Infographics from socialnomics.net on what we all get up to in 60 seconds.
Infographic: Every 60 Seconds on the Web
Every 60 seconds there are 100 new LinkedIn Users, 370,000 Skype Calls, 70 new Websites….
It’s enough to make your head spin; all that in a minute, and then again in another, and then again, a tsunami of crap…
Andrew Fisher goes over the latest UCAS data; things are still far from clear
Consider the case of the applicant who just misses the AAB threshold. Prestigious institutions which have had many of their AABs hijacked by even more prestigious ones (maybe SOAS) and would therefore like to have this person, may not be able to accept such students at Confirmation or in Clearing, because they will be constrained by the SNC; so there may well be a population of applicants too proud to accept the institutions able to accept them. Even students well short of AAB may not be willing to go to certain institutions in Clearing. Once London Metropolitan is full at £6k or less, will applicants be willing to pay £9k to go to UEL or will they decide that at that price it is better to miss out on HE? We don’t know.
Read the rest and check out the charts. As he says, “the proof of the pudding will be in the Clearing.”
KnowU & MyEdu: Two Approaches to Social Media in Higher Ed
This is not to say that higher education won’t find ways to use social media for instructional purposes. Innovative educators are experimenting with new approaches and some of these strategies will stick, be shared, and ultimately picked up by other educators in time. But at this relatively early stage in its development, the low-hanging fruit of social media for higher education will likely be found in the areas of marketing, building communities and student support.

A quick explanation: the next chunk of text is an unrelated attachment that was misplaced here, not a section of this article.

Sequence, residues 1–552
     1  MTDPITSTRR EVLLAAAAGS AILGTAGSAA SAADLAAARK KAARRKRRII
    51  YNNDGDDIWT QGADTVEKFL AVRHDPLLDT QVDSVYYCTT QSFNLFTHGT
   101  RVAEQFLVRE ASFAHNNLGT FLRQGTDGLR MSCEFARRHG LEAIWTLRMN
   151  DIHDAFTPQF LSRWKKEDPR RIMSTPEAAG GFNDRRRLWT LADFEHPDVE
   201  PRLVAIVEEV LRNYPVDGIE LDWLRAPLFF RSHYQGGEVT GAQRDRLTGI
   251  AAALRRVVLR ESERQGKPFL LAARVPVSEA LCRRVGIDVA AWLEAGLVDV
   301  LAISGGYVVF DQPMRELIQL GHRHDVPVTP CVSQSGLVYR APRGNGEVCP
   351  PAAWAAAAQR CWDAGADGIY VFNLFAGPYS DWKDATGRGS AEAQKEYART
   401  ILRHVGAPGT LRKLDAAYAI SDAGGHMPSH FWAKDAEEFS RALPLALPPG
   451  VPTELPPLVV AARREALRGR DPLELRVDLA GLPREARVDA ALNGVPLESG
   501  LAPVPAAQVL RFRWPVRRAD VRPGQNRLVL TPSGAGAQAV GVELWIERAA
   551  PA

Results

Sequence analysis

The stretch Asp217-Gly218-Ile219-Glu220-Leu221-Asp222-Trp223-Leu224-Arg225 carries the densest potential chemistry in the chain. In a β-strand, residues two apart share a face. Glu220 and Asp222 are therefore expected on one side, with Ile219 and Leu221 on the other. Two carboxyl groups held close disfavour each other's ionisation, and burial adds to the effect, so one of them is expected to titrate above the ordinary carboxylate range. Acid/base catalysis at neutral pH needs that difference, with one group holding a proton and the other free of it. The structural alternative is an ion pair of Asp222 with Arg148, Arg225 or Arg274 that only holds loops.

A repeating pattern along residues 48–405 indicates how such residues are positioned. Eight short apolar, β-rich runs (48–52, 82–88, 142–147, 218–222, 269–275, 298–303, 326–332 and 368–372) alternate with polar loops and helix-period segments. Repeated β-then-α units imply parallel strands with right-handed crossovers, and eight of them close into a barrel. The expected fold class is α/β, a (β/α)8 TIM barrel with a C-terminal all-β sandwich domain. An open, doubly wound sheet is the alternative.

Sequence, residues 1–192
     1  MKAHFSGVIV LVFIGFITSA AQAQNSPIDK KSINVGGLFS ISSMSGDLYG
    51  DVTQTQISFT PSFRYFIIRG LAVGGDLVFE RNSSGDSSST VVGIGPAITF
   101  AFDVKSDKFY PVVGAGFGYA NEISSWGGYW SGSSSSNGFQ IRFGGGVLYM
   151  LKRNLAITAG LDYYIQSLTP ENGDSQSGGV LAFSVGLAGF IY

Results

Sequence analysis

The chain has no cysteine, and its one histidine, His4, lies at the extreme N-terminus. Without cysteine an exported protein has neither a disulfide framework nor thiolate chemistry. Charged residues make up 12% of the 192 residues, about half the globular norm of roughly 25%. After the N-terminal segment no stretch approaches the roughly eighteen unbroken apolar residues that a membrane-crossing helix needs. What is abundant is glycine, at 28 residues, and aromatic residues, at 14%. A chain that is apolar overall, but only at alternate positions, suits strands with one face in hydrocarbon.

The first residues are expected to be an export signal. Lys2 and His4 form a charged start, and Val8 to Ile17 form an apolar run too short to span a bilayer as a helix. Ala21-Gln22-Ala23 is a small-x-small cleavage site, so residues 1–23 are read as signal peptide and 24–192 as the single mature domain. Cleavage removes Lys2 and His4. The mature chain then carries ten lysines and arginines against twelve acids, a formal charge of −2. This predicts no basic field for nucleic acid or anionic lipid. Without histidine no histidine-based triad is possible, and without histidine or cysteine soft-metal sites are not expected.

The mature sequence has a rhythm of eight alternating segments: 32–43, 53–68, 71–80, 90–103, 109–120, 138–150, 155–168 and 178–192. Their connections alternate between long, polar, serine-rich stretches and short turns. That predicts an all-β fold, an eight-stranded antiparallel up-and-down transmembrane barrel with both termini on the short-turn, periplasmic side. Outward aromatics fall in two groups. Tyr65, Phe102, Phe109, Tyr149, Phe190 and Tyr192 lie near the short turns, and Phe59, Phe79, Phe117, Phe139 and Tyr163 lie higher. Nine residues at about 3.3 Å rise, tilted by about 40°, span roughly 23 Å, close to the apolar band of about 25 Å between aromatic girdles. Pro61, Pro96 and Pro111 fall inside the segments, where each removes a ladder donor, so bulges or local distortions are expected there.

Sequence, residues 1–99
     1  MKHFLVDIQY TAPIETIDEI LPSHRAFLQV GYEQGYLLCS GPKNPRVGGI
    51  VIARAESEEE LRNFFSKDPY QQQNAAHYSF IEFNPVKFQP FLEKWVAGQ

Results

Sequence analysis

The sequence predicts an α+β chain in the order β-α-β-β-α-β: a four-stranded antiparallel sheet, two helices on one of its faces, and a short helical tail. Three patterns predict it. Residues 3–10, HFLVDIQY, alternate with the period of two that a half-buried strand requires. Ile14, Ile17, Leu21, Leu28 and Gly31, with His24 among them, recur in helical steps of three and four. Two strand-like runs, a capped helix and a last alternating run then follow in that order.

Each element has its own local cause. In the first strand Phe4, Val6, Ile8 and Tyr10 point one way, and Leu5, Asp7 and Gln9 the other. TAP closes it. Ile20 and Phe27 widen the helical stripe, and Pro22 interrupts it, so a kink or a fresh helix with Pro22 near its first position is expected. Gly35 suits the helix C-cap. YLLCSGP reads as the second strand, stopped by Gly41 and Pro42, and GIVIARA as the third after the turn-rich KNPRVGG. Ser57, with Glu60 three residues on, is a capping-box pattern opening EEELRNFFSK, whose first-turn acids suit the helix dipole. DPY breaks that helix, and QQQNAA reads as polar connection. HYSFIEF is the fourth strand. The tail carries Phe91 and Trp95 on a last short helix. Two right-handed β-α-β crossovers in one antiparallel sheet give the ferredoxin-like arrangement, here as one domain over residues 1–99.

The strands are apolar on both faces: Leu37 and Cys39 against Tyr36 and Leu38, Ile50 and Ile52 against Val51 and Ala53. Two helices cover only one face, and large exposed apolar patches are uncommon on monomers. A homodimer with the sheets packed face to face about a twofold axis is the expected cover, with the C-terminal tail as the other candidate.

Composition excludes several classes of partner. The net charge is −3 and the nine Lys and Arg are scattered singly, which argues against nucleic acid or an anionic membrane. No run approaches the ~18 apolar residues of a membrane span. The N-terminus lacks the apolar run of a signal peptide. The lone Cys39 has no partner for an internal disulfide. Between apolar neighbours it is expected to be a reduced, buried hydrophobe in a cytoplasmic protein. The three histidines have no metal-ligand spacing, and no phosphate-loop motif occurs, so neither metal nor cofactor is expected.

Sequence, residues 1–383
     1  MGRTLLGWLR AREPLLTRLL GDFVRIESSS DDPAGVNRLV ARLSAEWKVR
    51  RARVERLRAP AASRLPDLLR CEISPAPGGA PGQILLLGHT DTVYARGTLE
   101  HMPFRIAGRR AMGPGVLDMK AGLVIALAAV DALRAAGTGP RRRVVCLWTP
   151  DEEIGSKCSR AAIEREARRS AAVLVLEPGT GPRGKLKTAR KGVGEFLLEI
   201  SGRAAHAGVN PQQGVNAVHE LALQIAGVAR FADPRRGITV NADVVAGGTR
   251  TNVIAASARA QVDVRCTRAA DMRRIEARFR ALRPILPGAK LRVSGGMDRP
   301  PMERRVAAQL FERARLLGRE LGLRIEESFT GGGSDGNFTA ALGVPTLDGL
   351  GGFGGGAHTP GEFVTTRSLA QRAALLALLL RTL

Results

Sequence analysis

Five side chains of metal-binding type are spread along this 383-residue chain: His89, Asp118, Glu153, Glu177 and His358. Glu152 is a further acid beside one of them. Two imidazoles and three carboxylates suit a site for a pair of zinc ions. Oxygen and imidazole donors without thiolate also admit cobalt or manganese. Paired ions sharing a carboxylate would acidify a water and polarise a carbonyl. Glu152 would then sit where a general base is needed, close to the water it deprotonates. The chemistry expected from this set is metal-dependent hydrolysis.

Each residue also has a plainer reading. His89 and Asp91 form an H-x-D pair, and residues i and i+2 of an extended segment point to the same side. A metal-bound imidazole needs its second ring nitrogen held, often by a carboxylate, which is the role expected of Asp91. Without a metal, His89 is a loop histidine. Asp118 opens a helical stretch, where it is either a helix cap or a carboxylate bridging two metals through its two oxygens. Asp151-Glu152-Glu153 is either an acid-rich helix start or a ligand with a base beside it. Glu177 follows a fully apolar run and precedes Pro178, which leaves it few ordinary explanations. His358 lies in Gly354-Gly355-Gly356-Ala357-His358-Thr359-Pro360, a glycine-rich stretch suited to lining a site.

Read the rest of this article and try to relate this to your own institutions.
E-Textbooks saved many students only $1
Despite the promise that digital textbooks can lead to huge cost savings for students, a new study at Daytona State College has found that many who tried e-textbooks saved only one dollar, compared with their counterparts who purchased traditional printed material.
Read the rest of the article and wonder what the position would be for UK students (and their increasing fees).
What would this chart look like for us university administrators…